As the eurozone was flirting with collapse last year, few investors had the stomach for making big bets there. Observers speculated that peripheral countries would soon default on their debts, that the euro currency would collapse and that stronger members of the European Union would see years of recession in the wake.

Managers at the Legg Mason Brandywine Global Opportunities Bond, however, had a different take. When European Central Bank Chairman Mario Draghi announced plans to buy debt of the peripheral countries if needed to shore up the stronger countries' economies, the managers at Brandywine knew that there would be a payoff for the risk.

In they went, buying up 30-year bonds in Italy and 10-year notes in Portugal and Ireland - although they shied away from Greece, believing those bonds were truly distressed, not just troubled. "We believed [Draghi], and so did a lot of market participants as yields fell," Brian Hess, one of the fund's four managers, says now. "The ECB never had to buy a single bond, but it eased credit conditions within the eurozone."

Prices on the 30-year Italian bonds, which had yielded 6.25%, have rebounded - by early May, the bonds yielded 4.66%. Prices rose elsewhere, too: The yield on Portugal's 10-year bonds, which leapt to 8.25%, fell to 5.6%, and Ireland's 10-year bond yield sank to 3.5% from 6%.

"We're still holding on to these bonds, but the big part of the move is done," Hess says, adding that he believes the yields could still come down another half or full percentage point. "Then you've got the problem of what do you do with the proceeds if you sell them?"



The European bonds are just one example of the Brandywine fund's top-down calls: The Philadelphia firm makes big, sweeping economic judgments about the direction of fiscal policy or a particular country's well-being, then goes shopping for value in either bonds or currency.

At any given time, the fund managers follow 40 markets, although they actively invest in only 12 to 14. They look for one of three drivers of returns: income, capital gains or currency appreciation.

Rarely does the fund mirror the Citi World Government Bond Index, its closest match. In fact, Hess says, bond indexes are flawed by nature, rewarding countries with big debt loads and overvalued currencies. As debt increases and currency value rises, they become an even bigger weighting in the index.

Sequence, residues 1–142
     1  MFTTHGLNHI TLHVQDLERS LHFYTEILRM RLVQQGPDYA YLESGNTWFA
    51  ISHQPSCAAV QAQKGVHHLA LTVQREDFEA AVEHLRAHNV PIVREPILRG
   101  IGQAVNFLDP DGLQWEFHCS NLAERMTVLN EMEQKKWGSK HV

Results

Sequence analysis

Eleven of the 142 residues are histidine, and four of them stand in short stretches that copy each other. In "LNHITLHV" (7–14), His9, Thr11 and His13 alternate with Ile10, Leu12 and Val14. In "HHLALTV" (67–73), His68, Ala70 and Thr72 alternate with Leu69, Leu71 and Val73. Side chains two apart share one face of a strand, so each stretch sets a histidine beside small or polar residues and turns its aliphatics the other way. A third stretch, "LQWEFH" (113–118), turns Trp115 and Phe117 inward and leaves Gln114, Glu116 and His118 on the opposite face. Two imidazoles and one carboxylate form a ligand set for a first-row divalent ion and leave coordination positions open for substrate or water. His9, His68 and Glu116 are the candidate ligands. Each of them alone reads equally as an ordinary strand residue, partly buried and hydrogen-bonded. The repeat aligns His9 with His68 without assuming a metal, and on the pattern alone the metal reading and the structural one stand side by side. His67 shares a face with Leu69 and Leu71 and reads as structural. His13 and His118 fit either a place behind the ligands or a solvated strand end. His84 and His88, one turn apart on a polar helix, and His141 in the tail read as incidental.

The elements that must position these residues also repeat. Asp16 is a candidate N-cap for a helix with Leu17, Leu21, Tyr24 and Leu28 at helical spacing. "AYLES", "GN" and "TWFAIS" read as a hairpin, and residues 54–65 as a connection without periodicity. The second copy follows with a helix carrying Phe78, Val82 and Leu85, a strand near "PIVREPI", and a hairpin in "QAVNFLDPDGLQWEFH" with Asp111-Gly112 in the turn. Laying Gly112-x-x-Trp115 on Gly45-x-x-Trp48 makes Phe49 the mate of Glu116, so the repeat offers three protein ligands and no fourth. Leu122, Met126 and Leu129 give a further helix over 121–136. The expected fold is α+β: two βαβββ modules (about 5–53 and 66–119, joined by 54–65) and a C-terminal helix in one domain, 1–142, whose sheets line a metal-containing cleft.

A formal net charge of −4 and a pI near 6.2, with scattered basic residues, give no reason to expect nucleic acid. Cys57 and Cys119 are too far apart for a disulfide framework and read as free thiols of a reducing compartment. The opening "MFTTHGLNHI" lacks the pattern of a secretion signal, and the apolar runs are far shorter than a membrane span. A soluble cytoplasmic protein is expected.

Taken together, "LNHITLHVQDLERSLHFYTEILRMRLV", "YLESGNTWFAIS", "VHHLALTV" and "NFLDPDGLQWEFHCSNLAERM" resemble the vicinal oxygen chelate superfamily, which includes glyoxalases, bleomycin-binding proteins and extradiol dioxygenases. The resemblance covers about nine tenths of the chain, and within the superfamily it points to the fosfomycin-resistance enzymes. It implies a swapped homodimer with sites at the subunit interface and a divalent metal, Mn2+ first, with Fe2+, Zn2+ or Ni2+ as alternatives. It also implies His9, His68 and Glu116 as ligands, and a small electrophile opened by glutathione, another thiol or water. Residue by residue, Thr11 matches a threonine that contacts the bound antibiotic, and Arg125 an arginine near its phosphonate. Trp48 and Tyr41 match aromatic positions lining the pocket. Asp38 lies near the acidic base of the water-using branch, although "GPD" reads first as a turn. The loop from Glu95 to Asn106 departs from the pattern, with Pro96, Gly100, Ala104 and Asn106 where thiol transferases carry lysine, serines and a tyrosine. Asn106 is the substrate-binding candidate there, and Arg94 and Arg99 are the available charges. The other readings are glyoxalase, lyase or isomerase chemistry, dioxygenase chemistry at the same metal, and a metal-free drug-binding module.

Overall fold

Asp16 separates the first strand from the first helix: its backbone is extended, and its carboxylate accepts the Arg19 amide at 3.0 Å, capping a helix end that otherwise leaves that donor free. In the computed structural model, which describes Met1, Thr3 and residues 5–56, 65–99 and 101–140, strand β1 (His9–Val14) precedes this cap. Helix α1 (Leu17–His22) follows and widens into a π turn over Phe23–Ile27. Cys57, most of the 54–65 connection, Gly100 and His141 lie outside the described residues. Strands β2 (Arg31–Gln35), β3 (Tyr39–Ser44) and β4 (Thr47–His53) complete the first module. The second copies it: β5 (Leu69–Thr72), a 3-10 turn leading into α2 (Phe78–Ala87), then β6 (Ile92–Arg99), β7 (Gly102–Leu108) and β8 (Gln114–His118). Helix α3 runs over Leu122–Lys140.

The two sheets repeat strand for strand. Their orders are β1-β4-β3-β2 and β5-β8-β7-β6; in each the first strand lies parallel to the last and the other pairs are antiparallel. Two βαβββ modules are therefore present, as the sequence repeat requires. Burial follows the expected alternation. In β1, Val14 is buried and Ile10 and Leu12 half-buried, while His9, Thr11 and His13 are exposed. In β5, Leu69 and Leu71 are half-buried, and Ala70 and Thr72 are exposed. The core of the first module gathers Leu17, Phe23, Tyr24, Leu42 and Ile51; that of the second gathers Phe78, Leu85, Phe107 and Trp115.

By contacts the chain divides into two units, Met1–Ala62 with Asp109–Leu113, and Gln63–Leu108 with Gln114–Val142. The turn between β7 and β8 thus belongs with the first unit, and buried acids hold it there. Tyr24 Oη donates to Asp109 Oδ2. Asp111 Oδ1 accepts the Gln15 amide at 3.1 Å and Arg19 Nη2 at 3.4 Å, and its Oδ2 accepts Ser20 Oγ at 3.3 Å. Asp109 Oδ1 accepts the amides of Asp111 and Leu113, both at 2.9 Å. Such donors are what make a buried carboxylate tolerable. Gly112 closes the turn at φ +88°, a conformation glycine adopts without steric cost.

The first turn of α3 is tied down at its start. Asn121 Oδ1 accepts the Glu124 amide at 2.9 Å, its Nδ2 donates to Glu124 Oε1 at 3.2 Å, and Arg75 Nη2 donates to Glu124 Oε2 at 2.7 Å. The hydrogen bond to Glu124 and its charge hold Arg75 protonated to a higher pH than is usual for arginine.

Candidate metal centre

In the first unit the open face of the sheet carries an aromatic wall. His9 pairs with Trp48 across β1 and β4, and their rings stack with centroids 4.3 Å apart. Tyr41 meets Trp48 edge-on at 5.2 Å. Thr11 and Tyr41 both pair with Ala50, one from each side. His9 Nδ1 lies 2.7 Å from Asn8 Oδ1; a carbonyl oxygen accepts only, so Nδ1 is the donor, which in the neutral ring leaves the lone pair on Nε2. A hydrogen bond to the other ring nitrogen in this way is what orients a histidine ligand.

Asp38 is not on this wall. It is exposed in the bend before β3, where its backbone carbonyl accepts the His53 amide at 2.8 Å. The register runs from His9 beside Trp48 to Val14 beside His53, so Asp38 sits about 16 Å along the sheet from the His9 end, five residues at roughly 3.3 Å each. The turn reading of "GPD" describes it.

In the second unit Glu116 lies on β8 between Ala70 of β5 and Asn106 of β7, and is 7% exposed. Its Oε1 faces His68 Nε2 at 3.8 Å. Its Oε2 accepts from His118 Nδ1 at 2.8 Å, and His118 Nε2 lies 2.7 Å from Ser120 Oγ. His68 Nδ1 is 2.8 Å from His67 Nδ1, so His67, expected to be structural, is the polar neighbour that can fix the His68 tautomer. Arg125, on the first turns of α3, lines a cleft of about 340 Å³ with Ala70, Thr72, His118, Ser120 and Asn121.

The managers prefer a price-conscious approach, looking at areas where others don't tread and where countries are experiencing improving fundamentals.

The independent streak has served the fund well. For the 12 months ended May 6, the fund is up an average of 10.9% a year annualized, in the top 9% of the world bond category. Over the three-year time frame, its average 11.4% annualized return lands it in the category's top 1%. (The fund's Class A shares dates back only to 2010, although the institutional shares, with a $1million minimum, launched in 2006.)



The managers say picking winners now has become more challenging than in the past few years. "The number of opportunities has definitely diminished," Hess says, "and we're not getting as much volatility as we used to." The volatility is coveted because it allows for periodic mispricings - and the chance to pounce on a bargain.

Like other bond managers, Hess - who joined Brandywine in 2003, shortly after completing dual degrees in economics and politics at Ursinus College - doesn't see much value in U.S. Treasury bonds. "We are like every fixed-income manager in that we're faced with the challenge of dealing with these very low yields," he says.

But U.S. currency is a different matter. Although the managers tend to prefer the developing markets, which have lower deficits and better growth, the largest allocation in the fund currently is to the U.S. dollar. The fund has 36% parked there, Hess says, because he and his three co-managers see growth rising and "things are improving on a rate-of-change basis," he says.